Loch Brewery & Distillery

We’d wager there’s plenty of folks out there who have been lured into the world of craft beer after being handed a new beer by a work colleague. For the couple behind Loch Brewery & Distillery, Craig Johnson and Mel Davies, their path to making beer followed that familiar path. Albeit with a whisky detour.

Like scores before him, Craig used to think of whisky as nothing but a good way to set your mouth alight until a workmate introduced him to higher end single malts. It was then that both he and Mel realised that their disinterest in the spirit stemmed from the quality (or lack thereof) of what they’d been drinking. The two of them became instant devotees of the spirit and set out to discover as much as they could. In 2010, this led Craig to Tasmania, where he spent time learning from Lark Distillery, the godfathers of the modern Australian distilling industry.

This in turn led Craig to brewing; after all, both whisky and beer start life the same way and to make good whisky you need to start with good beer. So, while the origin of Craig’s brewing was born from his love of whisky, beer soon became yet another devotion and both he and Mel knew their future would feature an equal mix of spirits and beer – with a particular focus on real ales when it comes to the latter.

It’s somewhat fitting then that they found their home in Loch. This small South Gippsland Village is a little over 90 minutes from Melbourne in the heart of Victoria’s dairy industry – picturesque and surrounded by rolling green hills. They purchased the town’s historic bank and adjacent butchery in 2012, converting the former into their distillery and cellar door and the latter into their brewery. The butchery was disused when it was purchased and, after refitting it, production soon started, with doors opening to the public in 2014. 

The 1200 litre brewery was designed by Craig based on what he had seen on a research trip to the UK. Built by local stainless steel fabricators, the brewery is compact but somewhat unique, with a gravity fed mash tun and open top fermenters. Their core range of beer consists of traditional English style real ales: Best Bitter, County Ale (an English amber ale) and Dark Ale. Their limited release beers reflect collaboration with other producers, such as a Chilli Dark Ale and Chilli Oat Stout, loaded with Atomic chillies supplied by a local grower.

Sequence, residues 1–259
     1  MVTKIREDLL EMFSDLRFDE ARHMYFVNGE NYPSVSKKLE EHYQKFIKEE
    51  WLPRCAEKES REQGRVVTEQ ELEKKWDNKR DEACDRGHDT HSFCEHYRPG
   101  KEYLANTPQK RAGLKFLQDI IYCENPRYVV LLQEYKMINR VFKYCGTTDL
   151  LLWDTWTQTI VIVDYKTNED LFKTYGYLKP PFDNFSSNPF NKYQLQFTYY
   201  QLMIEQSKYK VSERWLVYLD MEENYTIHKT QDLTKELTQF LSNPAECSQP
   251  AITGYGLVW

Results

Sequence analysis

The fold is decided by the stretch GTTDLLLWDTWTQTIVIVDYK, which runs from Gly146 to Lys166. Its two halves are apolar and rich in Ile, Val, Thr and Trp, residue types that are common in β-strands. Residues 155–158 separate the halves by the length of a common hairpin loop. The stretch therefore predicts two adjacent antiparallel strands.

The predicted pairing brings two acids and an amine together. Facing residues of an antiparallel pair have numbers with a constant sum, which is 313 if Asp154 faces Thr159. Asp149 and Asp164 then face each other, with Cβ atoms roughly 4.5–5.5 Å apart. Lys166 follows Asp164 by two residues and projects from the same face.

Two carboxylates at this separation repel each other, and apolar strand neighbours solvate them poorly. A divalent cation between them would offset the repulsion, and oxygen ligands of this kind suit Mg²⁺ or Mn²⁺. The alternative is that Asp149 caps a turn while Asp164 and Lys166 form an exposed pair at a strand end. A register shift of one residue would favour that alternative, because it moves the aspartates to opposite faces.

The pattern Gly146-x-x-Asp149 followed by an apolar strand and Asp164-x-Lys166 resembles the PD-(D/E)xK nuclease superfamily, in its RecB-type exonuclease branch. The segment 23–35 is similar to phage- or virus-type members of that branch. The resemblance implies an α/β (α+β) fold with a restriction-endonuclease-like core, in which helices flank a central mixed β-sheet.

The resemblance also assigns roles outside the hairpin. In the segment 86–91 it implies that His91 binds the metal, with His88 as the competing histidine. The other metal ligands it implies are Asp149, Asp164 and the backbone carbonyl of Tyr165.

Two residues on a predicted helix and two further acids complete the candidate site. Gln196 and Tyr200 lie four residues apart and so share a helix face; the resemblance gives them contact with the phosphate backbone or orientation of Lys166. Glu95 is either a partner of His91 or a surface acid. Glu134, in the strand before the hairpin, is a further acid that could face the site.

By comparison with the brewing side of the business, distilling is carried out on a larger scale, with six copper stills – the first of them handmade in Portugal – ranging from five to 1200 litres in operation (and with expansion underway at the time of writing). In 2018, the first of the Loch whiskies were ready, with the first batch selling out in a flash. Since then, they've started to slowly build up their stocks so a visit to the cellar door can quickly turn into an afternoon trying boilermakers from the same malt base.

As they waited for that whisky, the pair developed a Classic London Dry Gin. Considering they now have three gins stocked by the likes of Noma and Attica, as well as a slew of high end cocktail bars across the country, this looks like a wise move.

You'll find Loch beer at independent bottleshops and bars throughout Melbourne. And if you visit Loch everything is available from their cellar door, along with a chance to try a pint of hand pumped cask ale right next to where it was made. Anyone looking for a quick stop should be warned, however: the two can be easily encouraged into technical discussions on exactly how their beers and spirits are made and talk excitedly about their love for the region.